DDR: Doing Well, For Now

It’s nice to see a company like Developers Diversified turn in a good quarter.

Net income came in at $76.8 million, up from $29.6 million during the same year-ago period. Plus, the REIT was able to generate some cash by disposing of seven centers for $67.4 million, and shareholders agreed to sell 30 million shares to the German Otto family, pulling in nearly $113 million,

Plus, executives revealed that even though retailers are asking for rent reductions, they’re not honoring those requests at a rapid rate. This really surprises us: Of the 672 rent-relief requests the firm has gotten, management has only approved 20.

But this brings us to another figure. DDR’s core portfolio is 90.7% leased, down from 95.6% the same period last year. If that number continues to rise, are rent reductions inevitable?

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4 Responses to “DDR: Doing Well, For Now”


  1. 1 James April 27, 2009 at 7:26 am

    In granting rent reductions, one has to be careful not to place a bet on a losing horse! Doing well?? This stock traded in the high sixties to low seventies, now is at $3.90 per share. Not my idea of doing well. They are wise to be reserved in granting rent reductions where they will do no good, why encourage a further erosion of equity. The tenants are making a run on the bank!

    • 2 Alex April 27, 2009 at 9:22 am

      james – would you rather keep an empty storefront for a year or keep someone in there at a lower rent but with the right to bump if someone better comes along? i think the decision is clear!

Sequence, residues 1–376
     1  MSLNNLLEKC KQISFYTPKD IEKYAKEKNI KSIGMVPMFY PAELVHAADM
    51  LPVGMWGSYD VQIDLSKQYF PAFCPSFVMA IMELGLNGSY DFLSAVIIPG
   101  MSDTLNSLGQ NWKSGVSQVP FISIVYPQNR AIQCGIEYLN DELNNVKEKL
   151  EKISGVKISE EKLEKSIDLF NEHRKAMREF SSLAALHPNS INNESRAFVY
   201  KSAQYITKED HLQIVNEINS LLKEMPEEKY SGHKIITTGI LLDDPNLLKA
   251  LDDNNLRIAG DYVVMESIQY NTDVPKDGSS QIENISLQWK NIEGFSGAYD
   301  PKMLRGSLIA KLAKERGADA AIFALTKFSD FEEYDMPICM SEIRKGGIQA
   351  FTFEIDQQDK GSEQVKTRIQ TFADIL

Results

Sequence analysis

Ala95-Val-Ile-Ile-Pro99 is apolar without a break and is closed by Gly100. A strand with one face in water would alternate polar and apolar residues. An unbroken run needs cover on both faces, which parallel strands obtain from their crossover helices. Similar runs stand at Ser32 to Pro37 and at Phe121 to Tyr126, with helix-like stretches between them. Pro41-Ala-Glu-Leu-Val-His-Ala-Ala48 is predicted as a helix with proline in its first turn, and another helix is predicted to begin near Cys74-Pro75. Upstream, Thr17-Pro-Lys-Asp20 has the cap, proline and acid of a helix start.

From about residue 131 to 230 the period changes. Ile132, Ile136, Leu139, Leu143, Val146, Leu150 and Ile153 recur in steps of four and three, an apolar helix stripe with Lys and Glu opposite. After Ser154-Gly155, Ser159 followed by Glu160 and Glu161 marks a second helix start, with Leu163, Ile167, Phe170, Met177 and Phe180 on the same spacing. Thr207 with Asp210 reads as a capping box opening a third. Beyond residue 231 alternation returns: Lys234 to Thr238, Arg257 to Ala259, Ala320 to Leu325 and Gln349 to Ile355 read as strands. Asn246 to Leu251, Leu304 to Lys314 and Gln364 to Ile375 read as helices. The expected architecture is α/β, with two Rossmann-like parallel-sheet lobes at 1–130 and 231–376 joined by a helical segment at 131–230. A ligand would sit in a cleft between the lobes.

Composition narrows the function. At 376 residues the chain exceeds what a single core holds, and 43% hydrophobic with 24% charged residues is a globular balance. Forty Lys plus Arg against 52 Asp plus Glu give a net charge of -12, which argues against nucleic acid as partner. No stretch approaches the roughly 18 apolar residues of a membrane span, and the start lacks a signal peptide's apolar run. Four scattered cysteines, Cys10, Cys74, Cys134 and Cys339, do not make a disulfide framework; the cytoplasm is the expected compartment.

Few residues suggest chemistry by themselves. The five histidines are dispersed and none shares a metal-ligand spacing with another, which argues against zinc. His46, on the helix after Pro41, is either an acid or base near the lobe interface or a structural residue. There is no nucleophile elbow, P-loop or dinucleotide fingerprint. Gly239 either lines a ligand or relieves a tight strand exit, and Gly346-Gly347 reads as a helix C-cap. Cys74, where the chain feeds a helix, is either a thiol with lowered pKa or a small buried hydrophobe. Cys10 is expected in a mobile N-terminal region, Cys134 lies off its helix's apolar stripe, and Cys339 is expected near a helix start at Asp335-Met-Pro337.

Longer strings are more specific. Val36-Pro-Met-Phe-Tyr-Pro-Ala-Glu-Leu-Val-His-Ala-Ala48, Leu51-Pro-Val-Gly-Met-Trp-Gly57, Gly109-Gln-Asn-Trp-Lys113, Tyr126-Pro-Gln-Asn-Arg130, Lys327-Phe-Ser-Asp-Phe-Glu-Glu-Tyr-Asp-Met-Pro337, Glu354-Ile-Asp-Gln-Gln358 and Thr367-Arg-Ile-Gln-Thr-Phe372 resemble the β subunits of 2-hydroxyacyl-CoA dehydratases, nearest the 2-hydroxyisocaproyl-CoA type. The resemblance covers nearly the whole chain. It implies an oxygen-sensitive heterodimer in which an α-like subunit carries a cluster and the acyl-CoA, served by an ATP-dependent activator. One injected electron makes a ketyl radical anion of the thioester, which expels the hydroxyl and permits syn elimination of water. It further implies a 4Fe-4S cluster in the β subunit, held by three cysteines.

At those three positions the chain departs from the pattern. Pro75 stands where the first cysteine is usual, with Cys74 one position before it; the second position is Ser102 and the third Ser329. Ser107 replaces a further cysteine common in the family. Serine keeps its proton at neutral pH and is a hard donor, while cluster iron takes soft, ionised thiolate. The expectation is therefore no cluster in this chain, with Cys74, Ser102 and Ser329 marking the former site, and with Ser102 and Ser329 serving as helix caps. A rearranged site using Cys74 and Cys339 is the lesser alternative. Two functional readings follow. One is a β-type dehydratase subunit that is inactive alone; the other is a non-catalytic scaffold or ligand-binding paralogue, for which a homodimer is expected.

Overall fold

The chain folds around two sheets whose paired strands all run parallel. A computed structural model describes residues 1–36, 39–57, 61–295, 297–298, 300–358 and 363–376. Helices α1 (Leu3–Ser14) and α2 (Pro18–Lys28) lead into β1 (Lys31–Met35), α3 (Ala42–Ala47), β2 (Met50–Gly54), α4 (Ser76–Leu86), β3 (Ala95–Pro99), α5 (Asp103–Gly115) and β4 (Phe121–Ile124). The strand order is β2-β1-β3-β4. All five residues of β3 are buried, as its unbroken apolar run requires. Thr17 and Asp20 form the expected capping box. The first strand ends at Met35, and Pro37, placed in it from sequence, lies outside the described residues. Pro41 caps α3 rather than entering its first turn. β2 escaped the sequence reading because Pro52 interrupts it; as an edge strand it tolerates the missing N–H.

2. 3 James April 27, 2009 at 5:04 pm

    Alex,
    If you do that no one better will ever come along and I doubt that DDR would even consider dealing with such a tenant. Any tenant who agrees to such provisions isn’t committed to their business, isn’t worth keeping and probably won’t be there long in any case. I’ll take the empty space and go looking for a real tenant.
    Rent reductions can work when both parties bring something to the table. If the average tenant is paying rent equal to 6-8% of gross sales, how much does a 20% rent reduction really help?? Not much. Even if the tenants occupancy cost ratio is much higher a rent reduction alone is unlikely to save his business. The tenant needs to put real numbers on the table and present a well thoughtout and realistic plan that emphasizes the light at the end of the tunnel. If the tenant wants an accomodation from the landlord then he needs to offer something in return, i.e. extend and blend, or future bumps, or percentage rent, etc.

  3. 4 Jim April 27, 2009 at 5:12 pm

    Alex, nothing is ever “Clear”. One must agree that betting on a losing horse is not the same as trying to keep a center active with operating tenants that will be here in the future (Circuit City, Linens N Things, Rag Shop, Steve & Barry’s, Levits, etc). Look at our 401K’s. While it is easy to look at rent and say it is too high, many requests come in with an occupancy cost percentage in the top of the “acceptable range”. There are a small segment of tenants who legitimately need a reduction and a small segment will actually get one. Most are just trying to take advantage. 1.) All operating costs have gone up, 2.) sales have gone down, but most importantly 3.) the lenders have changed the equation. Why do 10 years of the Bank record profits mean nothing when times get tough? Mr Banker, lend the money YOU are getting for nothing to US at reasonable terms. Of course if WE had these answers, WE’D be getting bailed out!! (With our own money I must add.) To that point of the equation changing, while the sales are not controlled by Wall Street, I feel the Wall Street (moreover financial community) driving the “Market” for both Landlords and Tenants is a major part of the problem. “Somebody*Mart” or “Mega Landlord Properties” does $1 billion in profits last year and ONLY $.8 Billion this year they are worth a lot less??? Hopefully we are here tomorrow to talk about it all……..


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